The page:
What are the health benefits of eating grass fed beef?
100% grass fed beef, never finished on grain, will be lower in cholesterol, higher in omega fats & a better ratio of omega 3 to 6. Much more flavour. Will be leaner, hence, you can not cook grass fed beef the same as grain fed. Grain fed can stand the extreme, intense high heat of a grill low to the fire, vs grass fed beef needs to be further away from the heat and cooked much slower and with a lesser intense heat. Too high a heat will toughen the meat. Then there is the whole environmental aspect of grass fed . . . far less carbon foot print. And the food safety piece. I work with grass fed operation all around the world and some have never had an e.coli positive . . . there was no e. coli 0157 til feed lots (read CAFOs) appeared. I could talk all day about the benefits, but time & space do not allow me.
I disagree with usuba dashi on only one issue here and that's the flavor. But she has everything else exactly right. Personally I don't think grass fed beef tastes that good simply because it's leaner and frankly a lot of marbling (aka fat) carries flavor. Giant feed lots like Kettleman City in California are a big part of the danger zone. If you see the film "Food Inc." you may never want to eat beef again.
We raise grass fed beef for ourselves. It is delicious--got to disagree with that comment about flavor. People beg us for the hamburger. The cattle are happily on pasture up to the day before they are killed. No antibiotics, no nasty feedlots. However, it is certainly true that it can be a lot less satisfactory item if you are mainly after well marbled steaks or just things to slap on a grill (since it's leaner), and it is certainly true that the local slaughterhouse, a busy place, will not have much patience for special requests like extra aging, unusual cuts, etc. The trick is in learning to use the whole animal---lots and lots of stewing and braising cuts. If you can learn to do this, it's exceptionally rewarding.
Agree with everyone and also I love the flavor. By the way,
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When my folks raised cattle, as a hobby farm, they were grass fed through most of the summer. Then 'horse feed'. grains with molasses in the winter, supplemented with hay. I'd say that the beef they raised compared favorably to "Kobe" beef in flavor and marbling. I really miss that beef--it was the some of the best I've ever had.
This is the argument I always have with American's and their beef. Take away the fat on grain fed beef, and you have no flavour. The flavour only comes from the fat. With grass fed, the flavour is in the meat, because of the forage they eat. Remember, your what you eat . . . you are what your meat, eats. If the grass fed beef ate weeds, or came off winter paddocks, the beef will not have as much flavour as one that has been living off spring and early summer rich grasses. I have time and time again served 100% grass fed beef to people and I always hear how it is the best beef they have ever had. You can not cook grass fed the same as grain fed. Once you learn that, you too will convert. Grass fed beef is seasonal in flavour. Grain fed gives you consistency year 'round.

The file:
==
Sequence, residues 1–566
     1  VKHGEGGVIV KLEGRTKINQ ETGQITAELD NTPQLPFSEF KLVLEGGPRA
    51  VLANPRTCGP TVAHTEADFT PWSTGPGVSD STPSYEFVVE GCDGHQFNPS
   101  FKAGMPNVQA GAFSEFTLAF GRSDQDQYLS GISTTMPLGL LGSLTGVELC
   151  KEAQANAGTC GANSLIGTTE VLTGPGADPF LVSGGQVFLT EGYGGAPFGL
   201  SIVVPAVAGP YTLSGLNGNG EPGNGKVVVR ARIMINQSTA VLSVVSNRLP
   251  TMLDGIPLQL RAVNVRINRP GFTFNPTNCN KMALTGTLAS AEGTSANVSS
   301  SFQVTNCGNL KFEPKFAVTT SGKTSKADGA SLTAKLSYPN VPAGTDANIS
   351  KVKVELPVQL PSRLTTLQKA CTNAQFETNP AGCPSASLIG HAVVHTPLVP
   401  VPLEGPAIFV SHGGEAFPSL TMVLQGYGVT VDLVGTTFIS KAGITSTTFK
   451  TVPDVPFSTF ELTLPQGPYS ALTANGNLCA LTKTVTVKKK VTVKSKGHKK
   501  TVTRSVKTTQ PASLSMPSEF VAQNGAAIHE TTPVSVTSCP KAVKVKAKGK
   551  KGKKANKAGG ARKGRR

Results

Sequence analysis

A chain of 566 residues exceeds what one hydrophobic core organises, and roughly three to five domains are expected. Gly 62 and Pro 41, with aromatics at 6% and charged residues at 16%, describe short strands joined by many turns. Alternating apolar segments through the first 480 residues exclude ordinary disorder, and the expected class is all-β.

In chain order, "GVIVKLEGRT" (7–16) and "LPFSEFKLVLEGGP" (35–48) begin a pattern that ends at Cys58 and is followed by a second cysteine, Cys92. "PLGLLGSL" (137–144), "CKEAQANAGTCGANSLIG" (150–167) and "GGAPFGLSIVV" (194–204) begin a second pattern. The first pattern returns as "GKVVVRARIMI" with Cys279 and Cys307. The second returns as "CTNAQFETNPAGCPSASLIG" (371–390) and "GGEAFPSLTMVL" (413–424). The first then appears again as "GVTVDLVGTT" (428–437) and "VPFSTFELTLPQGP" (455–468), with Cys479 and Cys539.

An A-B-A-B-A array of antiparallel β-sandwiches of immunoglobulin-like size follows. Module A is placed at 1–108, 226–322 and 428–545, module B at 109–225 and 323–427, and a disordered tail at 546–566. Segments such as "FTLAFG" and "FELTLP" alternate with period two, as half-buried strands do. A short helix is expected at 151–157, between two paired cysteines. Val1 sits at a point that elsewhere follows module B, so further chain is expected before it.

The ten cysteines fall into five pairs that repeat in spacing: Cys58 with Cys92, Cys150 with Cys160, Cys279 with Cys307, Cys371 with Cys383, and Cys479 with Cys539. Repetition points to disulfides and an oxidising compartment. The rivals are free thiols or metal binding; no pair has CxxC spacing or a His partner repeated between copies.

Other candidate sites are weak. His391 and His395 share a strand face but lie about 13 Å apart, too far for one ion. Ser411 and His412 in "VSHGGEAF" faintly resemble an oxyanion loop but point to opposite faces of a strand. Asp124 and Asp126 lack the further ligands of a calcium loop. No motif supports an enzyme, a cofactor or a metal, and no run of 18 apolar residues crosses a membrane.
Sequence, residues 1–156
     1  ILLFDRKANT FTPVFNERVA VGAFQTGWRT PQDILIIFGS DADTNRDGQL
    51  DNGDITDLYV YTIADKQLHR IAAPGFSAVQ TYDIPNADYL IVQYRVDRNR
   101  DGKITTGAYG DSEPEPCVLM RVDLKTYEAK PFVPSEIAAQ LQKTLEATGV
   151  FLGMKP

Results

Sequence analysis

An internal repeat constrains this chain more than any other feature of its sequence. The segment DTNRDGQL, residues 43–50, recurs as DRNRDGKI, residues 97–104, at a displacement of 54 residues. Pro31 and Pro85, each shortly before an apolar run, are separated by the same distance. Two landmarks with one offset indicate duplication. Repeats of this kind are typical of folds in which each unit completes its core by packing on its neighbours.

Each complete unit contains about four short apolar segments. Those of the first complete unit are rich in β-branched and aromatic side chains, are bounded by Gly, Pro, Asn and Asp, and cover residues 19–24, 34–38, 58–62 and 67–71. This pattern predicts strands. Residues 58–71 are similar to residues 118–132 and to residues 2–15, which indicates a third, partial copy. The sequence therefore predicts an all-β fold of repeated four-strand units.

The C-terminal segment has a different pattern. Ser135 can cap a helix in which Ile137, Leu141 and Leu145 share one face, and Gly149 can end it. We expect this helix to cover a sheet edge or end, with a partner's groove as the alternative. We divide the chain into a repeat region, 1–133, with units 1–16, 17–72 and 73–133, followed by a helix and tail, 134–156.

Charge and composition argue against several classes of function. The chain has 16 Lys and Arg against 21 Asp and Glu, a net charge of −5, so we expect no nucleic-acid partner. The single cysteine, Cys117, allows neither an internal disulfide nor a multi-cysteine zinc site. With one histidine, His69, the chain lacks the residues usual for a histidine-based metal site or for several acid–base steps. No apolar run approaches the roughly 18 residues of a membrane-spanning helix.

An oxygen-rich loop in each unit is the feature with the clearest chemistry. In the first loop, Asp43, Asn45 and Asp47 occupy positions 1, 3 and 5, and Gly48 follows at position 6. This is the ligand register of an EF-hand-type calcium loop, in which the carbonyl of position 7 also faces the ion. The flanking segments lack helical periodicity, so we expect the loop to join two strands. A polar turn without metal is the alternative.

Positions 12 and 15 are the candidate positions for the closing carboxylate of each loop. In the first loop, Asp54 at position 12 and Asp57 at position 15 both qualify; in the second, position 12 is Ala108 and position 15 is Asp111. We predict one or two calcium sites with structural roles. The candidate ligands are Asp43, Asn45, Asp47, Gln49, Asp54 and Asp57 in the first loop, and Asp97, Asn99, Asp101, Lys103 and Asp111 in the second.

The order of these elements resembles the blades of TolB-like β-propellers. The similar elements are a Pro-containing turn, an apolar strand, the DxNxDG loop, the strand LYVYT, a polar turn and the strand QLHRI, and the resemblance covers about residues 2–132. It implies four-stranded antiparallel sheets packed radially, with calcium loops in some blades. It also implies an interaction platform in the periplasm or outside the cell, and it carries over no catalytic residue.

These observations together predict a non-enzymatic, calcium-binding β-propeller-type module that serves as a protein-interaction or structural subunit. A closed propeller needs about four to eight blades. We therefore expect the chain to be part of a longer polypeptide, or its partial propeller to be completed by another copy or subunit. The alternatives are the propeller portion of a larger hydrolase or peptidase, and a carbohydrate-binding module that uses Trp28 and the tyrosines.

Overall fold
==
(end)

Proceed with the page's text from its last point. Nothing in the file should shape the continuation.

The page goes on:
Frankly I remain a nose to tail eater. My appreciation of meat goes like this; if an animal is going to die for your dinner you should be willing to eat all the edible parts and for me that includes tongue, tripes, sweetbreads, liver, tail etc. I do have a tripe recipe posted here. And I have a package of pig ears in my freezer right now. Think beyond the steak and rib roast.
I agree with pierino . . we raise grass beef and pasture hogs for all the local restaurants. I have spent a lot of time teaching local chefs how to use all the parts and a local butcher how to break down hogs using seam butchery. This creates unique cuts of pork that are missed by so many. Restaurants need to learn this art of butchery . . all the wonderful cut beyond steaks and pork chops. BTW mate, I am a bloke.
Whew! What a wonderful range of discussion. I'm a grass-fed gal, largely because I can be. I have some good purveyors nearby on whom I can depend. A bit trickier to cook? Yes. But worth it. I also have a good local source of bison, which has become my favorite red meat.
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